Dog Bite Victims' Group Releases FAQ about Breed-Specific Legislation to Help Inform City Officials and Advocates

The new FAQ provides examples of municipalities with breed-specific ordinances that produced strong results, highlights public support of pit bull ordinances by reviewing the results of two recent elections, explains the three most common types of ordinances and dismantles a variety of myths.

Austin, TX, September 08, 2015 --(, a national dog bite victims' group dedicated to reducing serious dog attacks, releases a Breed-Specific Legislation FAQ on its website. The new in depth FAQ explains what breed-specific legislation (BSL) encompasses, why it primarily involves pit bulls, how cities and counties enforce breed-specific laws and examples of ordinances that produced strong results. The FAQ also dismantles a variety of false myths about BSL.

View: Breed-Specific Legislation FAQ by

The new FAQ answers the top questions about breed-specific legislation, including, the effectiveness of these ordinances, which breeds are involved and the three the most common types of ordinances. The FAQ also explains the history of breed-specific laws and how long they have been targeting fighting dogs -- since the late 1800s in the U.S. The FAQ also highlights the public support for breed-specific pit bull ordinances by reviewing the results of two recent elections.

In 2012, Miami-Dade County became the first municipality to place their longstanding pit bull ban on a countywide ballot during a primary election (August). By a wide margin, 63% to 37%, county voters favored keeping their pit bull ban. In 2014, Aurora, Colorado became the first city to place their 9-year old pit bull ban on a ballot during a general election (November). Again, by a wide margin, 64% to 36%, Aurora voters chose to keep their pit bull ban, according to election results.

To emphasize which breeds of dogs are included in these ordinances, the nonprofit analyzed the 860 cities with BSL in the online document, "Estimated U.S. Cities, Counties, States and Military Facilities with Breed-Specific Laws." Pit bulls were named in 100% of these ordinances; rottweilers followed in distant second, named in 7%. Wolf hybrids, often subject to state-level regulation, and presa canarios, a pit bull-mastiff derivative, were each named in 3%, the nonprofit found.(1)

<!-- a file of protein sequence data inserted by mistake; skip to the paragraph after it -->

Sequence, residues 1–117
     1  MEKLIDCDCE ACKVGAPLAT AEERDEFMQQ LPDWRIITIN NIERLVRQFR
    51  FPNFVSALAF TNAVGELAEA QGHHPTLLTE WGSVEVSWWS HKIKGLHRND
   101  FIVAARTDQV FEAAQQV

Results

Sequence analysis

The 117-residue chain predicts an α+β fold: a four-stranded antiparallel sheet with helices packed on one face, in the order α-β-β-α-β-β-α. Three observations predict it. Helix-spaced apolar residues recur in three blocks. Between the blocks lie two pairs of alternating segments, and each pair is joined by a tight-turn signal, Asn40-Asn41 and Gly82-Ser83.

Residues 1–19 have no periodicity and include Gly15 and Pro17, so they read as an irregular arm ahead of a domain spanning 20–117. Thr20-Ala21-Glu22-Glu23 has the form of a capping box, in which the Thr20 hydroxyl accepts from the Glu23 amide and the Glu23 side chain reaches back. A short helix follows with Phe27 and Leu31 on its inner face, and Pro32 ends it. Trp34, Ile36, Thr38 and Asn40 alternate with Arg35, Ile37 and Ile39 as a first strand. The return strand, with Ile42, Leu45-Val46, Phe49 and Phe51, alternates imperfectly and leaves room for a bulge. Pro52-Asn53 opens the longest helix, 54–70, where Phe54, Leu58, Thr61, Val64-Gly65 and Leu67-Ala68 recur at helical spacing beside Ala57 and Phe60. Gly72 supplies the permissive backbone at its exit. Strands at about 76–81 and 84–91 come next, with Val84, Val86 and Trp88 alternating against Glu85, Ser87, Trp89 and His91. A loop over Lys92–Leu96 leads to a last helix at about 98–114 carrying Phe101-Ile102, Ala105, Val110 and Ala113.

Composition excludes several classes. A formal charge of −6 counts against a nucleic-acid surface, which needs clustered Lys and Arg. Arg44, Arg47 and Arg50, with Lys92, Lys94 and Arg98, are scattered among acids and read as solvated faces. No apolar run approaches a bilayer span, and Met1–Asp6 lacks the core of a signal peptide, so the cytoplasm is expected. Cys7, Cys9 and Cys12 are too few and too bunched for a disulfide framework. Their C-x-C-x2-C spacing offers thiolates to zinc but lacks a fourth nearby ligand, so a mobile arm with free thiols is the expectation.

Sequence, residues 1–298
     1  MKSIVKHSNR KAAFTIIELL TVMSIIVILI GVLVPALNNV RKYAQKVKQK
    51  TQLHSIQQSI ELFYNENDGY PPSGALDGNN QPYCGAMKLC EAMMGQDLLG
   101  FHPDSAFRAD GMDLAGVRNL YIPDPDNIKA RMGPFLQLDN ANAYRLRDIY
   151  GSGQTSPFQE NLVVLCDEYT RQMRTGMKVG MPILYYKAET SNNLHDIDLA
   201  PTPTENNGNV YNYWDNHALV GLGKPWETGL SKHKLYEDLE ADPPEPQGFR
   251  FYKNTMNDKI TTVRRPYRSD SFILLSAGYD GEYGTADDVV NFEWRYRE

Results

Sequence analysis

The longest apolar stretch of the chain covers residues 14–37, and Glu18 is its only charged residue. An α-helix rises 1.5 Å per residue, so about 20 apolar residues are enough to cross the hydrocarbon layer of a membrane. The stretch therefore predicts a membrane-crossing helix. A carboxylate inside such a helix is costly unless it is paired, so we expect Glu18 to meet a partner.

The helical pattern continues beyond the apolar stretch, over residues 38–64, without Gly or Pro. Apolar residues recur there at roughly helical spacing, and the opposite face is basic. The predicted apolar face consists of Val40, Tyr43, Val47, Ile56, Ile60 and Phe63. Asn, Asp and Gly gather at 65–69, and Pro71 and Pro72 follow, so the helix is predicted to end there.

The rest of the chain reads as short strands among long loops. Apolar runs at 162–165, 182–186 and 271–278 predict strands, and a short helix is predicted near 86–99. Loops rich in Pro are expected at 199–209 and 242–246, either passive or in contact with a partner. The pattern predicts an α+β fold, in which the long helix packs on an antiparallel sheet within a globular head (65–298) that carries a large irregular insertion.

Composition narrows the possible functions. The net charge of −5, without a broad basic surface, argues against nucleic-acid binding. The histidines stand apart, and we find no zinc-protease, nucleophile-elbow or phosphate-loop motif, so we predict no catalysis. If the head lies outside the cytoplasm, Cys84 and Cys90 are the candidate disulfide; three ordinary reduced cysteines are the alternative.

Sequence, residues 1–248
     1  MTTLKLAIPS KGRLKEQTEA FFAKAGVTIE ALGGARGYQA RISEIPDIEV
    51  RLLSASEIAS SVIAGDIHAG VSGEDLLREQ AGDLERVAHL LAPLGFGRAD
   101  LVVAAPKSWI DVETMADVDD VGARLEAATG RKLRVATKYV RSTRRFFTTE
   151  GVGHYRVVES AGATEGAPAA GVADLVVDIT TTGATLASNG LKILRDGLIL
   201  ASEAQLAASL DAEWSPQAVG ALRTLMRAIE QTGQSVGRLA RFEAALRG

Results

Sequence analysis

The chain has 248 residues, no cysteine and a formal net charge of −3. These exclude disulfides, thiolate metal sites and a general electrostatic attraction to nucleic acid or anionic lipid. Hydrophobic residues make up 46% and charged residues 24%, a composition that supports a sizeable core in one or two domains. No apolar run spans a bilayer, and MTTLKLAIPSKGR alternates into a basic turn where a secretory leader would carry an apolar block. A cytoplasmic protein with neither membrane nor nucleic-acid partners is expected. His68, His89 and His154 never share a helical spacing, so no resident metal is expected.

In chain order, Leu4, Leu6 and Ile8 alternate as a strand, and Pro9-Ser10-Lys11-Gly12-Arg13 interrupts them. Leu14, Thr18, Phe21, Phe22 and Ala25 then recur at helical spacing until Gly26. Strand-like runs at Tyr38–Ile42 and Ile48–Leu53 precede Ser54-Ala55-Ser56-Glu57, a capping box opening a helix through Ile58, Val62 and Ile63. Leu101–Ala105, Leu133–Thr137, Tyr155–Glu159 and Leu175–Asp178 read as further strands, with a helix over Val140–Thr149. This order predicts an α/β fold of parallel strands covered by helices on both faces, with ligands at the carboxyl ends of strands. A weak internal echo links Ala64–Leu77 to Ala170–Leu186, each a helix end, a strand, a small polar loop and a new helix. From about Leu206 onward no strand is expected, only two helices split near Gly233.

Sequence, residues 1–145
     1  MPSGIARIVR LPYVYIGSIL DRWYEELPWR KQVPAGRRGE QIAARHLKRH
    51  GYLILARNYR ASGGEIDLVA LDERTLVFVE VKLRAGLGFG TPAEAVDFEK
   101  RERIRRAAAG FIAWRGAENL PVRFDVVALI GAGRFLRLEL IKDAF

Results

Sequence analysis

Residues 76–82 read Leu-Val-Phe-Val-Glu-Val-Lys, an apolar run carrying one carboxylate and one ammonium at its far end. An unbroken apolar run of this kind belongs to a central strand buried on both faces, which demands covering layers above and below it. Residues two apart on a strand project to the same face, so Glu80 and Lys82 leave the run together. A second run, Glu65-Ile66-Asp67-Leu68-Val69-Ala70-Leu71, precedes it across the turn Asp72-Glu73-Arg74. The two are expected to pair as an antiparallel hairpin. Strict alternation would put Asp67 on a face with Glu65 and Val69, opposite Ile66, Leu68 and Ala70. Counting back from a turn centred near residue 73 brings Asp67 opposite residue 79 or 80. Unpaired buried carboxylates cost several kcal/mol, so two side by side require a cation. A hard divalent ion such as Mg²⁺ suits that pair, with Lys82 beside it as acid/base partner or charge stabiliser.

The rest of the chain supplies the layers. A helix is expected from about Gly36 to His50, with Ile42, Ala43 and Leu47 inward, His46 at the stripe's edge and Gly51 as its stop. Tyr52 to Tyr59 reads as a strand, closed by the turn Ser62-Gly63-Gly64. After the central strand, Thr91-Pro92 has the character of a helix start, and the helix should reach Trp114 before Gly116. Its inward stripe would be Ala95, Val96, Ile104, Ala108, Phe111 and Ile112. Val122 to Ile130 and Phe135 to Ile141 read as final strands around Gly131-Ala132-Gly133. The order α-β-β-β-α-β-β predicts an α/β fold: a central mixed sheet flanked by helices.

The FAQ explains the most common types of breed-specific laws, including, a breed ban, automatic labeling and mandatory pit bull sterilization. The FAQ provides examples of cities with each ordinance type and their successful results in reducing pit bull attacks and pit bull-related shelter issues. The FAQ also discusses constitutional issues and why well-written ordinances have an outstanding success rate in appellate courts when faced with constitutional challenges.

The new FAQ also dismantles several false myths, including the alleged high cost of enforcing a pit bull ordinance. The FAQ compares the actual cost of enforcement to the exaggerated costs generated by an online calculator funded by a pit bull advocacy group. The side-by-side results are stark. The FAQ shows that the actual cost of a popular U.S. county (Miami-Dade, Florida) to enforce a pit bull ban in 2012 was just 1.5% ($46,140) of the calculator's $3 million estimate.(2,3,4)

View: Pit Bulls Are Identifiable Meme Campaign

The timing of the breed-specific legislation FAQ comes just a week after the nonprofit released a meme campaign that unwinds the myth that pit bulls cannot be properly identified. The nonprofit created the Pit Bulls Are Identifiable Meme Campaign for advocates to share on Facebook, Twitter, other social media networks and commenting platforms. Paired with the FAQ, the two pieces provide excellent tools for the public, advocates and city officials who support breed-specific laws.

The nonprofit's hashtags are #SupportBSL and #PitBullsAreIdentifiable

About is a national dog bite victims' group dedicated to reducing serious dog attacks. Through our work, we hope to protect both people and pets from future attacks. Our website,, was launched in October 2007 and contains a wide collection of data to help policymakers and citizens learn about dangerous dogs. Our research focuses on pit bull type dogs. Due to selective breeding practices that emphasize aggression and tenacity, this class of dogs negatively impacts communities the most. Our website hosts important dog bite studies, U.S. dog bite fatalities and other key bibliographies. In the Legislating Dogs portion of our site, we offer examples of breed-specific laws (state-by-state) and documentation of the constitutionality of these laws. The Victim Realities section provides a glance into the unforgettable histories victims leave behind and much more. operates out of Austin, Texas and can be contacted via: 512-650-8510 or Research contributions and active website participation stems from individuals that span the United States of America and across the world.

(1)Estimated U.S. Cities, Counties, States and Military Facilities with Breed-Specific Laws by, updated Dec. 3, 2014 (Accessed: Sept. 2, 2015

(2)The BSL Fiscal Impact Calculator, released in May 2009, was commissioned by Best Friends Animal Society and funded by the National Canine Research Council (Accessed: Sept. 1, 2015 (Accessed: Sept. 1, 2015

(3)Miami-Dade Legislative Item, File Number 120173. Straw Ballot Pit Bull Dogs, Committee Meeting 2/14/2012 (Accessed: Sept. 1, 2015

(4)FY 2011-12 Adopted Budget and Multi-Year Capital Plan, by Miami-Dade County Animal Services Department (Accessed: Sept. 1, 2015
Colleen Lynn